Evolution of networks and sequences in eukaryotic cell cycle control.
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The molecular networks regulating the G1-S transition in budding yeast and mammals are strikingly similar in network structure. However, many of the individual proteins performing similar network roles appear to have unrelated amino acid sequences, suggesting either extremely rapid sequence evolution, or true polyphyly of proteins carrying out identical network roles. A yeast/mammal comparison suggests that network topology, and its associated dynamic properties, rather than regulatory proteins themselves may be the most important elements conserved through evolution. However, recent deep phylogenetic studies show that fungal and animal lineages are relatively closely related in the opisthokont branch of eukaryotes. The presence in plants of cell cycle regulators such as Rb, E2F and cyclins A and D, that appear lost in yeast, suggests cell cycle control in the last common ancestor of the eukaryotes was implemented with this set of regulatory proteins. Forward genetics in non-opisthokonts, such as plants or their green algal relatives, will provide direct information on cell cycle control in these organisms, and may elucidate the potentially more complex cell cycle control network of the last common eukaryotic ancestor.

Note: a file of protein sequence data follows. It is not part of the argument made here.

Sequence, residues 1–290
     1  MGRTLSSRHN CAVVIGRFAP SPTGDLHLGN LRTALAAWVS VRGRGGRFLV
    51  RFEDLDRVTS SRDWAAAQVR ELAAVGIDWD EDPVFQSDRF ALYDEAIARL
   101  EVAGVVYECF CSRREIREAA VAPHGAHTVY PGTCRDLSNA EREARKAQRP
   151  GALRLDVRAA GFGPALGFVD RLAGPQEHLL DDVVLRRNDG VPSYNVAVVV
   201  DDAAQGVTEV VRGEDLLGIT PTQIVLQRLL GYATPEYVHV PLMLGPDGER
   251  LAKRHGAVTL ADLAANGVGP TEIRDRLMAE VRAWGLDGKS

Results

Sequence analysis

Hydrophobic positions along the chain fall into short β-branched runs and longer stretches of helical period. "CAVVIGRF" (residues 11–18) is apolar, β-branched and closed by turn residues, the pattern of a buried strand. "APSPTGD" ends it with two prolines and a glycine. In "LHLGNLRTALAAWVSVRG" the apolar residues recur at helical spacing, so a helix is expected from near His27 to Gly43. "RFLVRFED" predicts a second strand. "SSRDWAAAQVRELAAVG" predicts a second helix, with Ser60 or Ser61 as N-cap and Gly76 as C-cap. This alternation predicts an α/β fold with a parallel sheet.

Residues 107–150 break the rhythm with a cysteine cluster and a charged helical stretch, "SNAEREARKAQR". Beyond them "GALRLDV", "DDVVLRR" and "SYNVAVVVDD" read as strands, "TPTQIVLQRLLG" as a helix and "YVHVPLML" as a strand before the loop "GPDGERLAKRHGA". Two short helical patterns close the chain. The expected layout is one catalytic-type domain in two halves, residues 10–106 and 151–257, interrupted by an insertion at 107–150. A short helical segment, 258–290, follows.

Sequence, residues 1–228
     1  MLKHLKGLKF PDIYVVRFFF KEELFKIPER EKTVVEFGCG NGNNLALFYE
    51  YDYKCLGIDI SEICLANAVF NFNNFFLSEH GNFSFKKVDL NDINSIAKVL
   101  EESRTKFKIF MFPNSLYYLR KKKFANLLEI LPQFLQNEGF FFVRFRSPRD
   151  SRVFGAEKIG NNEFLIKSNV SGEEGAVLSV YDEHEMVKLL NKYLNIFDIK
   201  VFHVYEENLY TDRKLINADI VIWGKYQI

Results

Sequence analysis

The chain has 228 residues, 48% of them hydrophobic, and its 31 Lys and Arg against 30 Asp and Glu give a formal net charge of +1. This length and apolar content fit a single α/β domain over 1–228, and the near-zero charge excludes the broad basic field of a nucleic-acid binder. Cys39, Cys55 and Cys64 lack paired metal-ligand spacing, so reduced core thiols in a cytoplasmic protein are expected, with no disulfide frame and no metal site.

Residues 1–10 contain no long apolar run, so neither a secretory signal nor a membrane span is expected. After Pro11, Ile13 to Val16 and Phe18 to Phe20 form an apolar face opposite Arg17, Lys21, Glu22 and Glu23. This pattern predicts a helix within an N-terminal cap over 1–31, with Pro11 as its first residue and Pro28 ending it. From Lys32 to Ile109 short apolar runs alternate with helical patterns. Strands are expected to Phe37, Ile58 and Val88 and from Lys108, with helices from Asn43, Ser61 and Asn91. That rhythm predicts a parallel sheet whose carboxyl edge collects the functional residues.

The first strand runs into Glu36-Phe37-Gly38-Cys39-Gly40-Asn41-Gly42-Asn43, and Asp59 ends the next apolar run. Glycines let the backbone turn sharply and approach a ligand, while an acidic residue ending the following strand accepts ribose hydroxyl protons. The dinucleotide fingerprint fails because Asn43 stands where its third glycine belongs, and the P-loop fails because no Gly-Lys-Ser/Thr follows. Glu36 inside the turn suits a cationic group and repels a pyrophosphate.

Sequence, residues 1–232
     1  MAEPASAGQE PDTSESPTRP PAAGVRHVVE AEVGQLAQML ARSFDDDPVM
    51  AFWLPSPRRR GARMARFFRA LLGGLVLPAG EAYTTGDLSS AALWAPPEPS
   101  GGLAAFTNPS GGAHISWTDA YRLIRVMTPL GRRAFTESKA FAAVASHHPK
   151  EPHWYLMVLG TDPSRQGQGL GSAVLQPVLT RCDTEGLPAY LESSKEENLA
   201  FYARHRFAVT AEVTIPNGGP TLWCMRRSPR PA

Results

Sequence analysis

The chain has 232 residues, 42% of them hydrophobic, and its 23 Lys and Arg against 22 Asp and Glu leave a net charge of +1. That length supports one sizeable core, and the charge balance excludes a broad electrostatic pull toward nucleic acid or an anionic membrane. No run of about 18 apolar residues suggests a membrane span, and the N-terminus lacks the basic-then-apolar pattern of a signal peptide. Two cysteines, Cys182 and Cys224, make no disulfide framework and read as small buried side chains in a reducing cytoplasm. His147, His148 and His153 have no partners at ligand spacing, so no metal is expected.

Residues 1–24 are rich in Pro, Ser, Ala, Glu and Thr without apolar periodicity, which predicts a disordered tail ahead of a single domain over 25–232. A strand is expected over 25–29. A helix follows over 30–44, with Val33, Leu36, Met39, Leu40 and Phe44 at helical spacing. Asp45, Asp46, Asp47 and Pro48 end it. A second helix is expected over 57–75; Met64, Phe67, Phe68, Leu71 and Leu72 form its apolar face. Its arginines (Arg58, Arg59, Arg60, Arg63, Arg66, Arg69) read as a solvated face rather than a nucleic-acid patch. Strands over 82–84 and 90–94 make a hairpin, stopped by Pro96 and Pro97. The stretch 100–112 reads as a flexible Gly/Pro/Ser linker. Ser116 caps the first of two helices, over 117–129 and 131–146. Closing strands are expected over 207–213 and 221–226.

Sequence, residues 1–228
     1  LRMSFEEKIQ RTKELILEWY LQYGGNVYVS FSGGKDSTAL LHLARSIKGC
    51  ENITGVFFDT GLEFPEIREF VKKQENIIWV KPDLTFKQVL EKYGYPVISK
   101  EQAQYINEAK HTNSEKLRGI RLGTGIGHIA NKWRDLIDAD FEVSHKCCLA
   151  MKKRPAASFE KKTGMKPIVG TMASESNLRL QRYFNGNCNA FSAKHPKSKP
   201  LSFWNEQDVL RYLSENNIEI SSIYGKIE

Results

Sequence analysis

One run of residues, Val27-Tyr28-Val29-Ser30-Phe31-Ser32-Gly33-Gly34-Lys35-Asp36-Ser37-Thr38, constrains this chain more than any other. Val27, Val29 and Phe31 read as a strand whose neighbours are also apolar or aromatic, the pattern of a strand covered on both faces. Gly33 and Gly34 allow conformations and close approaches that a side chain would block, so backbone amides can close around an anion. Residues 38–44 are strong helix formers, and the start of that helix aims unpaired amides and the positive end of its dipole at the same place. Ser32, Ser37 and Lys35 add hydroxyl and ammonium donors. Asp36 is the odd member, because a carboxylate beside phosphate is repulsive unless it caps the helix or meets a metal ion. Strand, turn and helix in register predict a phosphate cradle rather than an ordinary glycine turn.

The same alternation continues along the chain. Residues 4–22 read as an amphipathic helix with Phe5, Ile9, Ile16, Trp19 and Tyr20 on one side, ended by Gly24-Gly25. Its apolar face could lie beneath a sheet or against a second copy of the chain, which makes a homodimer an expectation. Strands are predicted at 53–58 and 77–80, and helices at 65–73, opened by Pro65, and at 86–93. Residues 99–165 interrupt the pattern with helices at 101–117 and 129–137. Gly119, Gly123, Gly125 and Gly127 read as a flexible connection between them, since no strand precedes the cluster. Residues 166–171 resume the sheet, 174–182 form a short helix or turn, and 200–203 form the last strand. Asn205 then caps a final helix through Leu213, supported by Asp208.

SubjectAmino Acid Sequence
Cell Cycle Checkpoints
Cell Cycle Proteins
Published Version (Please cite this version)10.1098/rstb.2011.0078
Publication InfoCross, Frederick R; Buchler, Nicolas E; & Skotheim, Jan M (2011). Evolution of networks and sequences in eukaryotic cell cycle control. Philos Trans R Soc Lond B Biol Sci, 366(1584). pp. 3532-3544. 10.1098/rstb.2011.0078. Retrieved from https://hdl.handle.net/10161/9350.
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Assistant Professor of Biology
Our lab is interested in the systems biology and evolution of epigenetic switches (bistability) and clocks (oscillators) in gene regulatory networks, two functions that are essential for patterning, cell proliferation, and differentiation in biological systems. We also study biochemical oscillators such as the cell cycle, metabolic rhythms, and circadian clocks, which co-exist in the same cells and interact with one another through shared resources.